Troy’s story: OmniGraphSketcher

And we're back! With another installment of OMNI APPS—IN ACTION, which I have to say is almost as awesome of a title as my toddler's favorite DVD on the face of this earth, HORSES—CLOSE UP AND VERY PERSONAL. 

(Spoiler alert! The movie features horses.)

This week we've got a really interesting OmniGraphSketcher use case to share with you, thanks to Troy Payne, a PhD candidate at the University of Cincinnati. He's working on a grant for the Ohio Office of Criminal Justice Services, and is currently offering data analysis and problem solving services at no cost to small and medium-sized Ohio police departments. He writes,

One suburban police jurisdiction thought they had a huge increase in robbery in 2009.  They asked for our help to determine why.  When the research team dug into the problem, we found that there wasn't an increase at all, on average.  A handful of 2009 months were higher compared to 2008, which probably accounts for the perception of an increase.  But the overall trend was not one of explosive increases.  

Troy's team worked on different ways to visualize this information, beginning with a basic OmniGraphSketcher line chart that plotted raw counts for each year for which they had data (2006-2009) by month:


He goes on to explain,

That line chart is difficult to interpret because there isn't a clear trend line.  Frankly, it's a confusing mess, with each year overlapping all the others.  This is very common with crime counts, particularly in small jurisdictions where the counts are low.  Here, the monthly robbery counts are in the single digits and are highly volatile.

We needed to simplify this chart or our message would get lost.

OmniGraphSketcher to the rescue!

We decided to create an area that was ±1 standard deviation from the 2006-2008 average for each month and plot the 2009 robbery counts against that.  While not a true confidence interval in the statistical sense - because we're plotting the standard deviation instead of the standard error - this does provide a cleaner visualization of how "typical" 2009 robbery counts are:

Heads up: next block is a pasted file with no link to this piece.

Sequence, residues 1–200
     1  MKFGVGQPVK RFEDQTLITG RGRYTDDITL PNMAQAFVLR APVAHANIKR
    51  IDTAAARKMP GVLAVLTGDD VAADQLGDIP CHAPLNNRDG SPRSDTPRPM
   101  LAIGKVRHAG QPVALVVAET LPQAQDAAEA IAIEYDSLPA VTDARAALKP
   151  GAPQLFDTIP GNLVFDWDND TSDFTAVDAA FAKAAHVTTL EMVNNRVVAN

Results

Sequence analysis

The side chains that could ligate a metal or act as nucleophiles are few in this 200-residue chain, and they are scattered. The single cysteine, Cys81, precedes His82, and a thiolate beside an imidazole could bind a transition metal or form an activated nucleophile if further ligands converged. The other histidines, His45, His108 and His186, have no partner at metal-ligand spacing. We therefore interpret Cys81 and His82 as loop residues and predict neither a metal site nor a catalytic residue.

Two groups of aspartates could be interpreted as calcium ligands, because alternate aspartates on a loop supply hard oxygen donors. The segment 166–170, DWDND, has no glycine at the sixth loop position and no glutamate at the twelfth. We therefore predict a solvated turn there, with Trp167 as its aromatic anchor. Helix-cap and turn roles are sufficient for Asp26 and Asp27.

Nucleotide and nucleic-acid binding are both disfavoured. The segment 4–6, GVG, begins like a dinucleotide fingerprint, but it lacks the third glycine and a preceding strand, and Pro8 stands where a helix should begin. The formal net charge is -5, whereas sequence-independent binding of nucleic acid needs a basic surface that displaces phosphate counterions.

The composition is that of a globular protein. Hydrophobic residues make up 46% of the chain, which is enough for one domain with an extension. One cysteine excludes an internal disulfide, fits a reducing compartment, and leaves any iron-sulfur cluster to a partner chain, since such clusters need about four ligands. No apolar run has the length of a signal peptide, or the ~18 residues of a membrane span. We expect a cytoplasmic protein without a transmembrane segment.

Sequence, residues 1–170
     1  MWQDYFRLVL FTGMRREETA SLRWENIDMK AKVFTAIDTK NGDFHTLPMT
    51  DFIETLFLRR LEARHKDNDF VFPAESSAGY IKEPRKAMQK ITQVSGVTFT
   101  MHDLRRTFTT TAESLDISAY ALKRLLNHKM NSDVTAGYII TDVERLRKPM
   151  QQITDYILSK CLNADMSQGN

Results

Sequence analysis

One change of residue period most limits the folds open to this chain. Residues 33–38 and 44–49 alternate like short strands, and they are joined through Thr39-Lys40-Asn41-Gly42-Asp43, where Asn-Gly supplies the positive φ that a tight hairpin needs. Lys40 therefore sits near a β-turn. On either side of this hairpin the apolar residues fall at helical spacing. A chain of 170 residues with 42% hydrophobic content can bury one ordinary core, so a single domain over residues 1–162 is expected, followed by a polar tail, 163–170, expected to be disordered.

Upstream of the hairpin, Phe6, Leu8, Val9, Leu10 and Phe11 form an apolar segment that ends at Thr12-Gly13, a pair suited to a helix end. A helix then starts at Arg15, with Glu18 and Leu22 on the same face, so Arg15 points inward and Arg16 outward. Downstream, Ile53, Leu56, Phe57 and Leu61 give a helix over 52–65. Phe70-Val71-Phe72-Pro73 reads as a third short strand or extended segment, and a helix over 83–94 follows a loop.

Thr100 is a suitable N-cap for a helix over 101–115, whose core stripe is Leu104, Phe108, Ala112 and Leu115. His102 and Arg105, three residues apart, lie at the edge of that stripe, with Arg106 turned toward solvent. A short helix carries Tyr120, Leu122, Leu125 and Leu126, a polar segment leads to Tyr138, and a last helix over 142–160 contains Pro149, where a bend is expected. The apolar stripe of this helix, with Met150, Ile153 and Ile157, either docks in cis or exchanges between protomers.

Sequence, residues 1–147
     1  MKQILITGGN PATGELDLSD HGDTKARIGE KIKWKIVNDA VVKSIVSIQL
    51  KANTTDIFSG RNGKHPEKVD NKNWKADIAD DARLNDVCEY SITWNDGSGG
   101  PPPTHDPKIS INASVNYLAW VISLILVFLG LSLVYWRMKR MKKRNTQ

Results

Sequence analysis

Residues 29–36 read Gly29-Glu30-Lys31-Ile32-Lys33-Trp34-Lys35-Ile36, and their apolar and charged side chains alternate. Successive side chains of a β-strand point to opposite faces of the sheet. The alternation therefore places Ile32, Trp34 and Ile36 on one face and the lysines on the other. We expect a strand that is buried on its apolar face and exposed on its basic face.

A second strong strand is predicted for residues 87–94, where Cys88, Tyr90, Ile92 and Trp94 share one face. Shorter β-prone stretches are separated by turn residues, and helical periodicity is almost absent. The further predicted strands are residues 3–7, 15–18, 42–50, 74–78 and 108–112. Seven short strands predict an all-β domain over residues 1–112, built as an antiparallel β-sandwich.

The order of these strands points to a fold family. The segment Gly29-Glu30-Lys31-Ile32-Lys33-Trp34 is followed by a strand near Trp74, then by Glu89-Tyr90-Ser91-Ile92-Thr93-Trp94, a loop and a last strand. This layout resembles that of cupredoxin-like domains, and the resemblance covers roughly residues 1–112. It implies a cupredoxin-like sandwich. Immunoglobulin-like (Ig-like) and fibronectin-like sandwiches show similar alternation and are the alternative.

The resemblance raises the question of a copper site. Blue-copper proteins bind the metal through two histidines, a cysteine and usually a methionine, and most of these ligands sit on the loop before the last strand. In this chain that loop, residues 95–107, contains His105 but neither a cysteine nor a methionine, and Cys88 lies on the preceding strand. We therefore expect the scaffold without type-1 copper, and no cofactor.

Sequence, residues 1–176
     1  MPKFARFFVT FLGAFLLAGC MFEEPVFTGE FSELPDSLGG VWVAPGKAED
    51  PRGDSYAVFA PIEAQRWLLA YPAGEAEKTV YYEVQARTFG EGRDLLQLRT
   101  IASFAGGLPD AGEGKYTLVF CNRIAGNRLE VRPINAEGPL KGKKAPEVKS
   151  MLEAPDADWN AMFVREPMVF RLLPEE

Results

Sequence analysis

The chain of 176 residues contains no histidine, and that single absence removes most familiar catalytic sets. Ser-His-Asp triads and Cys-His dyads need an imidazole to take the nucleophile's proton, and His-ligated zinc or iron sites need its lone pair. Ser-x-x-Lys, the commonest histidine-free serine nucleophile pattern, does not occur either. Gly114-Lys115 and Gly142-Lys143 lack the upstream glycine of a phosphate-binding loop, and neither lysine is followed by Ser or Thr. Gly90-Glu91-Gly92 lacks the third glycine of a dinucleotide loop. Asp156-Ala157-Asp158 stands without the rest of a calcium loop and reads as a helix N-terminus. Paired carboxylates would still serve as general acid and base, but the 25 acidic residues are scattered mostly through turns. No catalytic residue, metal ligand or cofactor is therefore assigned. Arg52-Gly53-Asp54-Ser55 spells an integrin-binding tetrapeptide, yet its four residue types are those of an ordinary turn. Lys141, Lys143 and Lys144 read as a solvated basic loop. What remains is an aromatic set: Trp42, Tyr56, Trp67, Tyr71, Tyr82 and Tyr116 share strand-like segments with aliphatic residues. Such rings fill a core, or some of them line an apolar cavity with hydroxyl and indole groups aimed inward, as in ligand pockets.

The take home message:  Robbery was pretty much where we'd expect in 2009.  There was not a large increase in robbery.  

Hooray for robbery not increasing, right? Hooray for data visualization! 

Want to know how Troy created that chart? You're in luck, because he was nice enough to tell us:

I have a spreadsheet in Excel that has the crime counts by month for each year. I created columns for the average and standard deviation, then created columns for the average ±1 standard deviation. 

Then I had to get the result into OmniGraphSketcher. For me, the easiest way to do this was to copy/paste one series (i.e., column) of data at a time.  I started with the low end of the shaded area.  I hid the columns B-E in Excel, selected the month and mean-1s columns, hit command-c, switched to OGS, hit command-v.  Then, in the OmniGraphSketcher inspector, I clicked the connect points button.  Next, I repeated that process with the mean+1s column, making the upper bound of the shaded area.

The shaded area itself was created using the fill tool in OmniGraphSketcher, which is delightfully simple to use.  It just works.

It's taken me *far* longer to describe what we did than to actually do it in OmniGraphSketcher.  And that's the power of the app.  I can quickly create stunningly beautiful charts that convey the ideas I need to convey. Instead of focusing on how to fiddle with the software, I can focus on how my message should best be transmitted to my audience.

Aw, man. We love happy customers SO MUCH. Thank you, Troy!